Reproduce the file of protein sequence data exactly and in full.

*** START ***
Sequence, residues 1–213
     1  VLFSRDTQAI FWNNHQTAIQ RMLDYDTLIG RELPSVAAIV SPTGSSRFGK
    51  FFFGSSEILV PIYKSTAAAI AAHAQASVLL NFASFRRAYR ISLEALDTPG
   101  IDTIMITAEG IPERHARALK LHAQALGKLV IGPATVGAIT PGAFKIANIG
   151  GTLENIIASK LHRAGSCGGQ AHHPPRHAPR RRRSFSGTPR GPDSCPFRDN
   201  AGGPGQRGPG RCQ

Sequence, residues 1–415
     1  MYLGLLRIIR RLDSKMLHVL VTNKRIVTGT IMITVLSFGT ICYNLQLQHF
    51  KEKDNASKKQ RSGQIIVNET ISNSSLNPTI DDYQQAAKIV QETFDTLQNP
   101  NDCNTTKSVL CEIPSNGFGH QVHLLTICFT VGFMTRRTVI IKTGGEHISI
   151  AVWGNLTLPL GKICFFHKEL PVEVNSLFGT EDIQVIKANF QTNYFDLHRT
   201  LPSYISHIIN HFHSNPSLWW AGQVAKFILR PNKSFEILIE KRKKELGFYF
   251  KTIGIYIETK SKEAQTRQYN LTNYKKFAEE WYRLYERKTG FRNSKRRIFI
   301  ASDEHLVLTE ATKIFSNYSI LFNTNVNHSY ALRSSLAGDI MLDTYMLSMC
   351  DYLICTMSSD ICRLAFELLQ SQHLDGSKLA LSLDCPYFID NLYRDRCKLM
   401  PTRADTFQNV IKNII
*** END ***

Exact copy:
Sequence, residues 1–213
     1  VLFSRDTQAI FWNNHQTAIQ RMLDYDTLIG RELPSVAAIV SPTGSSRFGK
    51  FFFGSSEILV PIYKSTAAAI AAHAQASVLL NFASFRRAYR ISLEALDTPG
   101  IDTIMITAEG IPERHARALK LHAQALGKLV IGPATVGAIT PGAFKIANIG
   151  GTLENIIASK LHRAGSCGGQ AHHPPRHAPR RRRSFSGTPR GPDSCPFRDN
   201  AGGPGQRGPG RCQ

Sequence, residues 1–415
     1  MYLGLLRIIR RLDSKMLHVL VTNKRIVTGT IMITVLSFGT ICYNLQLQHF
    51  KEKDNASKKQ RSGQIIVNET ISNSSLNPTI DDYQQAAKIV QETFDTLQNP
   101  NDCNTTKSVL CEIPSNGFGH QVHLLTICFT VGFMTRRTVI IKTGGEHISI
   151  AVWGNLTLPL GKICFFHKEL PVEVNSLFGT EDIQVIKANF QTNYFDLHRT
   201  LPSYISHIIN HFHSNPSLWW AGQVAKFILR PNKSFEILIE KRKKELGFYF
   251  KTIGIYIETK SKEAQTRQYN LTNYKKFAEE WYRLYERKTG FRNSKRRIFI
   301  ASDEHLVLTE ATKIFSNYSI LFNTNVNHSY ALRSSLAGDI MLDTYMLSMC
   351  DYLICTMSSD ICRLAFELLQ SQHLDGSKLA LSLDCPYFID NLYRDRCKLM
   401  PTRADTFQNV IKNII